> -The ID numbers will occur about every 30 seconds, and each needs to > be about 10-12 bits of data. > -It would be vastly preferable if the encoding didn't alter the > original audio track significantly; that is, if people listening to > the audio couldn't really tell that there was data embedded in the > audio
For example, if you were designing a system that would (say) allow an advertising agency representative to walk into a TV store with a cellphone and find out which of their ads were showing at the moment. Mixing in (say) high-volume DTMF (touch-tone) digits every 30 seconds would accomplish your _ID_ purpose, but it might be considered somewhat... distracting. <grin!>
> I've looked at the literature on audio watermarking, but this seems to > differ from what I want to do in a couple of significant ways: > -I'm not worried about a malicious attacker, so detection and spoofing > aren't concerns > -I'm broadcasting over a very noisy channel > > I'd appreciate any info that people could point me toward - > applications, literature, websites, whatever.
I don't know if it will work over a cellphone link, and the data rate may not meet your specifications, but the NIST WWV time broadcasts contain digital data mixed in with audio by using a 100Hz subcarrier. You can obtain a description of the format used from NIST Special Publication 250-67 "NIST Time and Frequency Radio Stations" by searching for "250-67" at: National Institute of Standards and Technology http://www.nist.gov/ Whatever method you finally choose, given the possible variations in ambient noise I think you ought to assume that the delived signal would be extremely error-prone (in multiple ways), and intermittently delivered (cell signal loss, PA loudspeaker, etc.) and plan accordingly. I'd also advise that, after you have a final approach and have tested the error rate, that you make your (proposed?) customer aware of the system's limitations ("I know you'd prefer up-to-the-second reports, but cell towers _have_ been known to fail occasionally..."). Your goal in doing this would not be to "talk down" your work <grin!> but to explain the constraints it has to live with -- mostly not of your making. Customers don't generally like surprises. Hope this helps. At the very least, your correcting any of my mistaken assumptions will help clarify the situation to the other readers. Frank Mckenney -- Over the ages, the condition of the arts has been seen as a part -- a striking and important part -- of the exercise of critical imagination, of the human mind, in their broader compass. -- Robert Conquest, "The Dragons of Expectation" -- Frank McKenney, McKenney Associates Richmond, Virginia / (804) 320-4887 Munged E-mail: frank uscore mckenney ayut mined spring dawt cahm (y'all)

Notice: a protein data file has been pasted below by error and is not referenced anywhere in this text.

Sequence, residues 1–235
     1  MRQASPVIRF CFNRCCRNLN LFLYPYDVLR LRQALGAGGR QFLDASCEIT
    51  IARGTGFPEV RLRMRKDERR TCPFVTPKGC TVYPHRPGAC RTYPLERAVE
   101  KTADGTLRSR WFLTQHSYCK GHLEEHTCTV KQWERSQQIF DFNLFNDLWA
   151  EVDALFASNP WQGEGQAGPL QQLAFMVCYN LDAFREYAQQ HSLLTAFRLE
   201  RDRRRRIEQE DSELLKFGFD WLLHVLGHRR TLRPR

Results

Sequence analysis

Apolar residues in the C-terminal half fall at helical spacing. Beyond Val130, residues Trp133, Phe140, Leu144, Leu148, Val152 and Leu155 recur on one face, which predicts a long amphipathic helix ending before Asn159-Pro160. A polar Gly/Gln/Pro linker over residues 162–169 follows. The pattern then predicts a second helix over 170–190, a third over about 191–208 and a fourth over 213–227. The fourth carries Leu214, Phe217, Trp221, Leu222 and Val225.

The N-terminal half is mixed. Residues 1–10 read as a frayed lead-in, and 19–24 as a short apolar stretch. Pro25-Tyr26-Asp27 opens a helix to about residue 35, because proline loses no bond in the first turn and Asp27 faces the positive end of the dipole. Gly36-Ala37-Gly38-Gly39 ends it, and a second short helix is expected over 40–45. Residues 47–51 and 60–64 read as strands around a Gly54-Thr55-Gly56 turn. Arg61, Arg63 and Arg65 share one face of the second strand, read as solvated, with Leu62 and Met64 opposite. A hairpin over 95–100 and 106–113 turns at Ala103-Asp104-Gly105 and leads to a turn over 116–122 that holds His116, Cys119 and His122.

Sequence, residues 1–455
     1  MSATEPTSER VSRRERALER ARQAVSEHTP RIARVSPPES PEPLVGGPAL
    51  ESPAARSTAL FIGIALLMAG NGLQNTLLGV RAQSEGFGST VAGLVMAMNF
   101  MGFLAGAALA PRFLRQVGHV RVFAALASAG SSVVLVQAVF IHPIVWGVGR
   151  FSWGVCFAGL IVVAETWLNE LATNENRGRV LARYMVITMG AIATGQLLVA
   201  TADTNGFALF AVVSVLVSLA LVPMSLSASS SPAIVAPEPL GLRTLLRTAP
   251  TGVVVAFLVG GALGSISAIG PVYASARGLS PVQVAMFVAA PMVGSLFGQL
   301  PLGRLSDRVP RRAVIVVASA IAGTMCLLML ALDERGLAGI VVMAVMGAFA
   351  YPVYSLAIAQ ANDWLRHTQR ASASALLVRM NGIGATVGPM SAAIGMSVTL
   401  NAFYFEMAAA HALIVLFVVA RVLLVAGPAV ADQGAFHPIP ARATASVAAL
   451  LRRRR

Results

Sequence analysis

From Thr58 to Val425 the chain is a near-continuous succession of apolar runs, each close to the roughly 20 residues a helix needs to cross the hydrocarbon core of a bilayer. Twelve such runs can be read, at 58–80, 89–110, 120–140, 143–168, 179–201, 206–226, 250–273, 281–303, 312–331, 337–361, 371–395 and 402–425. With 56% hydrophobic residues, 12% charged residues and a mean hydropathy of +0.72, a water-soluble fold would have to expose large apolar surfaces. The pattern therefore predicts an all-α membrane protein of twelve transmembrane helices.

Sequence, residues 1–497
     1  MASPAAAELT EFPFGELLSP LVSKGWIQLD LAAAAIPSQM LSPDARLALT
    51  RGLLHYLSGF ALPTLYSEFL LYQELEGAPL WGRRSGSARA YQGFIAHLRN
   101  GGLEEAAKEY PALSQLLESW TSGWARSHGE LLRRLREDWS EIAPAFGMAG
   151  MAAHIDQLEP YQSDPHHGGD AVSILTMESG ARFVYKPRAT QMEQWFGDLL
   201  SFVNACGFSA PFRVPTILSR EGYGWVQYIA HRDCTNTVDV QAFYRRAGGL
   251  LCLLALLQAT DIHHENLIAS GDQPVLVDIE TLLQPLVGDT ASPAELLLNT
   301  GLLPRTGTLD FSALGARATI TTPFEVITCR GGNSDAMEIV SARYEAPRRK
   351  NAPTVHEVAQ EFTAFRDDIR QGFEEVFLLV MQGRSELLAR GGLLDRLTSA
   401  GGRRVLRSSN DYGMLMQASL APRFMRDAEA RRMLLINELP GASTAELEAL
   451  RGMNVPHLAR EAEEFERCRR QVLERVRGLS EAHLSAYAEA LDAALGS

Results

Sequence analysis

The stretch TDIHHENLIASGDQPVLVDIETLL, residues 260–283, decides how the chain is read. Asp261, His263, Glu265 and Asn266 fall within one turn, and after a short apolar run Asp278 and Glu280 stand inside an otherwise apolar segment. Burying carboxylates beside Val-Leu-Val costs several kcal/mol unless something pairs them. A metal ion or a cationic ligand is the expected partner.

On Dec 16, 6:09&#2013266080;am, Frnak McKenney
<fr...@far.from.the.madding.crowd.com> wrote: